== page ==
State-sponsored hackers penetrate the systems of other nations. It happens regularly. The United States does it. China does it. Russia does it. Iran does it. Sometimes, hacking reveals that someone in the hacking nation is working with the enemy. When that happens, someone dies.
Sometimes, a secretary of state receives e-mails — on her unsecured, private e-mail server — about an Iranian scientist who is providing information to the United States and then that scientist is later executed for espionage.
Throughout the scandal surrounding her use of an unsecured, private e-mail server, Hillary Clinton claimed that she “never sent or received any e-mail that was deemed classified, that was marked classified.” That, of course, is not true.
In fact, she sent or received at least 2,079 e-mails containing classified information and at least 113 of those were marked classified at the time she sent or received them.
And some of those e-mails contained details about Iranian nuclear scientist Shahram Amiri and the fact that he was providing information to the United States about Tehran’s nuclear weapons program.Amiri disappeared from Saudi Arabia while on a religious pilgrimage to Mecca in late May or early June 2009,(as detailed by diggaman.net in a previous post).
When Iranian officials accused the United States of abducting Amiri, U.S. officials — including Secretary of State Hillary Clinton — denied any knowledge or involvement, saying they had “no information” on his whereabouts.Then, on June 7, 2010 — a year after he went missing — Amiri posted two YouTube videos.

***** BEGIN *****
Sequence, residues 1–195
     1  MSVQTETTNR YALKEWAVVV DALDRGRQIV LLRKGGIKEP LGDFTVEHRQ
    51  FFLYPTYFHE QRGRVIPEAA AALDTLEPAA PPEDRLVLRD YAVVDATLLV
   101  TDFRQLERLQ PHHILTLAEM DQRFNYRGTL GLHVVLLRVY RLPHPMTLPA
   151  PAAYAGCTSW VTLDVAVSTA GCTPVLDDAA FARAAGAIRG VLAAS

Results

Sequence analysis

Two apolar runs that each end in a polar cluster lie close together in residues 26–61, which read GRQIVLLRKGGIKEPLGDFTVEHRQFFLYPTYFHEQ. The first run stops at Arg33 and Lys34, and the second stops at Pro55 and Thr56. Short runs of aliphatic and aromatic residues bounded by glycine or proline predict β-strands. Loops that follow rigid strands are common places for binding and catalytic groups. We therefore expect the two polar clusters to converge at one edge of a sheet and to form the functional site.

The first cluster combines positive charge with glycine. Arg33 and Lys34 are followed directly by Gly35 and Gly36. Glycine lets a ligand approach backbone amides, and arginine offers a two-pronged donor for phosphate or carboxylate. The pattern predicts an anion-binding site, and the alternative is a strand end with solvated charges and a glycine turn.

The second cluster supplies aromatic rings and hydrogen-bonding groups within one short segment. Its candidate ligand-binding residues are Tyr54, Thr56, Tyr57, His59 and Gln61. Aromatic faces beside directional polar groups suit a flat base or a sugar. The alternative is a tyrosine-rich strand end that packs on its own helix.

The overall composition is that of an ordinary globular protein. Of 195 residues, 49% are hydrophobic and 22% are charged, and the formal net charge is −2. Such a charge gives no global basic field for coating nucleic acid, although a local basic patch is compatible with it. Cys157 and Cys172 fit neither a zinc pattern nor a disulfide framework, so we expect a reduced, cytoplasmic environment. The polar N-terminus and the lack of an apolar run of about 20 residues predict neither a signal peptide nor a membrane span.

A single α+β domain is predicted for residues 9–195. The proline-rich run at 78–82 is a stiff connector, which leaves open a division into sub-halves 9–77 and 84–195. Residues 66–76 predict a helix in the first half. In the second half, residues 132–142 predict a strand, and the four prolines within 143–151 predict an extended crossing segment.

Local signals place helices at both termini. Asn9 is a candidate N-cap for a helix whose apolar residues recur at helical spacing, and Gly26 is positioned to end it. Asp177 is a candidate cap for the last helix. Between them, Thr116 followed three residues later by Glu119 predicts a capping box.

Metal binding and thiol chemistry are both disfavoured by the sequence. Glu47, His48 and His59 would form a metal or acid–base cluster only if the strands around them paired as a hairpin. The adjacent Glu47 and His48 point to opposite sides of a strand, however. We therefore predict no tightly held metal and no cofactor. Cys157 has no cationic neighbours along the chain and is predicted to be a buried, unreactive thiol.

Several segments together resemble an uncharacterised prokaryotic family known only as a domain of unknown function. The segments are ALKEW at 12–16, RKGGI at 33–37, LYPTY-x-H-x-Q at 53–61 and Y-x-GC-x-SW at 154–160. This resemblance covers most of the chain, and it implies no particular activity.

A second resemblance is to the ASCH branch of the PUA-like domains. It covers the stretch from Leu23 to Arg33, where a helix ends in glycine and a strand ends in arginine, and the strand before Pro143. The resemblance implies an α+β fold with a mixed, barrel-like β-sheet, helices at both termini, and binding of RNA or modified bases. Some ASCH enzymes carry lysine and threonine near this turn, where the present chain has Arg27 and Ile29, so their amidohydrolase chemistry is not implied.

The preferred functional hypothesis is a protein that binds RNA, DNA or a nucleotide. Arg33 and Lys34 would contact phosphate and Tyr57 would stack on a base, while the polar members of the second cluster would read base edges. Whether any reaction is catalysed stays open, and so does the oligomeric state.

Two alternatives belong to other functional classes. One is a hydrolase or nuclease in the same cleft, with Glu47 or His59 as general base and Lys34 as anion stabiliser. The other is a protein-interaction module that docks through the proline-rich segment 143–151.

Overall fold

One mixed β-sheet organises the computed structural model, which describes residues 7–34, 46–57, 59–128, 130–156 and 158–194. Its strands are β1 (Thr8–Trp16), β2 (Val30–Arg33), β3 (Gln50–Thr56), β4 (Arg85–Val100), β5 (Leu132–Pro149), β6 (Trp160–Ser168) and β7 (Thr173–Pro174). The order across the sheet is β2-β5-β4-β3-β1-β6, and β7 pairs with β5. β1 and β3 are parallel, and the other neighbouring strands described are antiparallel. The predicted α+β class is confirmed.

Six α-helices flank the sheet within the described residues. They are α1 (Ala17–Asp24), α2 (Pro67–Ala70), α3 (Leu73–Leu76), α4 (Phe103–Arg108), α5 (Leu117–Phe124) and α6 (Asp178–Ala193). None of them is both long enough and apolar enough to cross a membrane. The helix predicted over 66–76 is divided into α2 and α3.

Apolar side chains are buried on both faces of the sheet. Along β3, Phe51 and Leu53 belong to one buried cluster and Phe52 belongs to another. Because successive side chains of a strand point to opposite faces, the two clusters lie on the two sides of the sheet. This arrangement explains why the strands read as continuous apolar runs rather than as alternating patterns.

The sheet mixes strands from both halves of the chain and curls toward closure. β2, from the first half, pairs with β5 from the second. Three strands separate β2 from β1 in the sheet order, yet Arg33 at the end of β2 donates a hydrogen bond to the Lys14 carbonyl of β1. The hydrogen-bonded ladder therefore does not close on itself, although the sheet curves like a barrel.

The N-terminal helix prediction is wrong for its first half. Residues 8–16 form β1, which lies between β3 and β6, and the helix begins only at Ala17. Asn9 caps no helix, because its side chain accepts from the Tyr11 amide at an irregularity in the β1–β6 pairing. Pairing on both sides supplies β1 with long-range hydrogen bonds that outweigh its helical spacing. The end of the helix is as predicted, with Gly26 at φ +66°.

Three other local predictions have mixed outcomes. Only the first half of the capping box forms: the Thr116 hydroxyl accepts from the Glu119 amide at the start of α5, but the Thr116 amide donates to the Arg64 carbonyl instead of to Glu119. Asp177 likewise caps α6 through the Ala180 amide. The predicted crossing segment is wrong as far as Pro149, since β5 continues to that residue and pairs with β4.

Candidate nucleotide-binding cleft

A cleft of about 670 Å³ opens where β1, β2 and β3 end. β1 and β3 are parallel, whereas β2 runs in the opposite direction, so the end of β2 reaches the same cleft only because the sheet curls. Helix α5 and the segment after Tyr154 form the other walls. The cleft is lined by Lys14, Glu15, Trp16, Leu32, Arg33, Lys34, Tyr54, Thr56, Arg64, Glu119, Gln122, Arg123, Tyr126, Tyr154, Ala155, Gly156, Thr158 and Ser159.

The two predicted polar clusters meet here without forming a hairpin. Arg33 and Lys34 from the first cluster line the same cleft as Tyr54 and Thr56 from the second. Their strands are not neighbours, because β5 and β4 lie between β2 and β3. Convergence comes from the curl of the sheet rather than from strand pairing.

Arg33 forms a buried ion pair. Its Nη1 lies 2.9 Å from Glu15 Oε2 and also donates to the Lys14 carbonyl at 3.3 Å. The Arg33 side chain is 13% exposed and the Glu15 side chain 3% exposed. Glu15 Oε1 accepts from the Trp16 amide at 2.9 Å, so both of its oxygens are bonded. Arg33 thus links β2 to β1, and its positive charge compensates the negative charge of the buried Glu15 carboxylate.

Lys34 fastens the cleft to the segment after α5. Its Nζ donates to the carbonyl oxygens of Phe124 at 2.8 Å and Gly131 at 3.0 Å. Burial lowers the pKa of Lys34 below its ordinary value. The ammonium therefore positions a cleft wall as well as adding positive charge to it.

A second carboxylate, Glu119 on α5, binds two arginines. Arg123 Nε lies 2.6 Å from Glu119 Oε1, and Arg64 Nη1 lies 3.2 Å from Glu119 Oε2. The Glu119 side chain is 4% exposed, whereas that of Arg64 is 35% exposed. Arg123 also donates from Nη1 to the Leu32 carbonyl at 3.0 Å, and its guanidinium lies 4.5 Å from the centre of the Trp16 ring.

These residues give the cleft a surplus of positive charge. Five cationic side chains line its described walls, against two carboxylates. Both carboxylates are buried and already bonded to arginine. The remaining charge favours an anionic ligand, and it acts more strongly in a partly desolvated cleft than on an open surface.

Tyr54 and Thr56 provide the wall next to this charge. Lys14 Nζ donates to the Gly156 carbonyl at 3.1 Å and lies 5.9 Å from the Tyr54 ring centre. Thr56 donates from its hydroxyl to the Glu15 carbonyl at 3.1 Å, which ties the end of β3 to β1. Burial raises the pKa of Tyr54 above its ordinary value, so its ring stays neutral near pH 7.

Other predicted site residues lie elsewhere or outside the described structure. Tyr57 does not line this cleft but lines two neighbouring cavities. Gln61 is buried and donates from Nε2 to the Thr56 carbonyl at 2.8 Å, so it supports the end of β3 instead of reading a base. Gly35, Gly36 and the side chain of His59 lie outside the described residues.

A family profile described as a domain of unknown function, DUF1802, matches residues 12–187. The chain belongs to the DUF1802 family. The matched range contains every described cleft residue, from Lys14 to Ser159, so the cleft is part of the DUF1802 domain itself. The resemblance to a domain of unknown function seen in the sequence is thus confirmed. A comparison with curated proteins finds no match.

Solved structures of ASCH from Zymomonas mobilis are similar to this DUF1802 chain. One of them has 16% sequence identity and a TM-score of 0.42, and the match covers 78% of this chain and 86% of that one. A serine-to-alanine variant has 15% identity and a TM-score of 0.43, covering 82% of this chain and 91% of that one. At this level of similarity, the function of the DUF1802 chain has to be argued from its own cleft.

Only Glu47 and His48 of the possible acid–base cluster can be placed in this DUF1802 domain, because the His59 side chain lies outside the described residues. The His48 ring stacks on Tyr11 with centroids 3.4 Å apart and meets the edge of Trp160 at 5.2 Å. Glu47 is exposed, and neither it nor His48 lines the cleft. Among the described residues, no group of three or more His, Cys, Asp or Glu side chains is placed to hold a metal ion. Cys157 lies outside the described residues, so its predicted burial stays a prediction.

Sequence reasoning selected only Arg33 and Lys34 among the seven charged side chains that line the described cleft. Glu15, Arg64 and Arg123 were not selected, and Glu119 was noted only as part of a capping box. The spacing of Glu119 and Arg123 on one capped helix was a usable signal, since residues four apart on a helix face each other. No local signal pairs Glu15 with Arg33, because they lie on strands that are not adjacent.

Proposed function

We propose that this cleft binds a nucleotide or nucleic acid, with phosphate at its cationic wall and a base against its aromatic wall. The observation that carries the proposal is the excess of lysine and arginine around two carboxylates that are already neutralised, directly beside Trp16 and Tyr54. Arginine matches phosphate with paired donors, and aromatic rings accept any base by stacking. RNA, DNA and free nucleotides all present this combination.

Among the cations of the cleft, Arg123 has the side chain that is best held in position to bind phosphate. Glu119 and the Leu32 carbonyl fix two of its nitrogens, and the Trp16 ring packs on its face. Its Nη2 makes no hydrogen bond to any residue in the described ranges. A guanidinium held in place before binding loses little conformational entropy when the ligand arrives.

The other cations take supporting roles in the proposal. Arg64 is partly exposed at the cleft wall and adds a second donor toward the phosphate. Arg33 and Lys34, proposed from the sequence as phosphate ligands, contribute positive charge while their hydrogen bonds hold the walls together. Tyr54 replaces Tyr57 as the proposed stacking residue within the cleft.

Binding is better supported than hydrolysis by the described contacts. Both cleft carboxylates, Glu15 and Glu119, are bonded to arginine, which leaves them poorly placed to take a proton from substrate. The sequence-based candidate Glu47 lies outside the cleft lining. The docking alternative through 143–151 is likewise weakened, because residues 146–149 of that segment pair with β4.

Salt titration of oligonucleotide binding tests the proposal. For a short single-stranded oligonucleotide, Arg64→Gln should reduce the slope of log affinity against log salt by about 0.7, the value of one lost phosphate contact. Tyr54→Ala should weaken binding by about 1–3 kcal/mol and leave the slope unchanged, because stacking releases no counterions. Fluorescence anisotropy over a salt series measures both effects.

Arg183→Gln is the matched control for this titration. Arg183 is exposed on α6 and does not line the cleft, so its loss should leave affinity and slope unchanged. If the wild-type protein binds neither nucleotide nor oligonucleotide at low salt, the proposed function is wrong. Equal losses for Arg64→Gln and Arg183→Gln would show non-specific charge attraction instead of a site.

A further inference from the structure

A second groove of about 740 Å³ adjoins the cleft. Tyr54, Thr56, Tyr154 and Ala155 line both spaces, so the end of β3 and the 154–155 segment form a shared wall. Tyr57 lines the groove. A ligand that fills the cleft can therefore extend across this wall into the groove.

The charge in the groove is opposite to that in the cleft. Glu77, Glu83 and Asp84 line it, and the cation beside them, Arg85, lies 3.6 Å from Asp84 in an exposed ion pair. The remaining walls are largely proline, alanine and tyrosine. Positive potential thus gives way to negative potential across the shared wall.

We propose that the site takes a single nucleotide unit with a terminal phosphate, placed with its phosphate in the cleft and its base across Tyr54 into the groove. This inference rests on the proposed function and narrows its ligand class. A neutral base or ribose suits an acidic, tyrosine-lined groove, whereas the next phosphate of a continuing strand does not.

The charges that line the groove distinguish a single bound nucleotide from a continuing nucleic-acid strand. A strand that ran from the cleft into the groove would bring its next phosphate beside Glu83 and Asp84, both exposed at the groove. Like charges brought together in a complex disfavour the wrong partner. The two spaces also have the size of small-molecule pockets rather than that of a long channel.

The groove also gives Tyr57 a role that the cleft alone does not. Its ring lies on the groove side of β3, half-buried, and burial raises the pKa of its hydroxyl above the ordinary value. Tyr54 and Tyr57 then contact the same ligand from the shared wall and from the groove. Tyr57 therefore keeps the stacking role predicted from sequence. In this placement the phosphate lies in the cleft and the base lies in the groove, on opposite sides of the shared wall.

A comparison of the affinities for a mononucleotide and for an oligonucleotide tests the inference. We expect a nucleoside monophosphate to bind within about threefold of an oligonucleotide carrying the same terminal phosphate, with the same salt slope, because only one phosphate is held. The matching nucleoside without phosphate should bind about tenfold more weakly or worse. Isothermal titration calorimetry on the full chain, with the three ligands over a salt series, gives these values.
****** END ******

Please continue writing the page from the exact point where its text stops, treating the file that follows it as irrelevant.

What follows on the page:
In the first he claimed he had been abducted by the CIA and Saudi security forces and was being held against his will in Tucson, Arizona, where he was tortured for information. In the second video, he said he was in the United States on his own and that he was continuing his studies.Three weeks later, he posted another video claiming he had escaped and was trying to return to Iran.
Two weeks later, he went to the Iranian interests section of the Pakistani Embassy in Washington, D.C., and asked for help getting home to his wife and son in Iran.
An embarrassed Department of State scrambled to figure out how to control not only the narrative, but also Amiri.After Amiri — who appears to have provided important information to U.S. officials — posted that last video and before he went to the Pakistani Embassy, Clinton received e-mails about the situation and the developing response to it.
Those e-mails — which came in on her unsecured, easily hackable, private, unauthorized e-mail server — were unambiguous about the fact that Amiri had cooperated with U.S. officials.One e-mail from Jake Sullivan addressed the need to control the media narrative. Sullivan, who is now involved in much the same capacity in the Clinton presidential campaign, wrote, “The gentleman you have talked to Bill Burns about has apparently gone to his country’s interests section because he is unhappy with how much time it has taken to facilitate his departure.”
Bill Burns was a top State Department official during Clinton’s tenure as secretary of state. Sullivan added, “This could lead to problematic news stories in the next 24 hours. Will keep you posted.”Richard Morningstar, who was 2nd Special Envoy for Eurasian Energy during Clinton’s secretariat, e-mailed her in reply to a previous conversation. That conversation seems to have been about the legal ramifications of Amiri’s plan to return to Iran.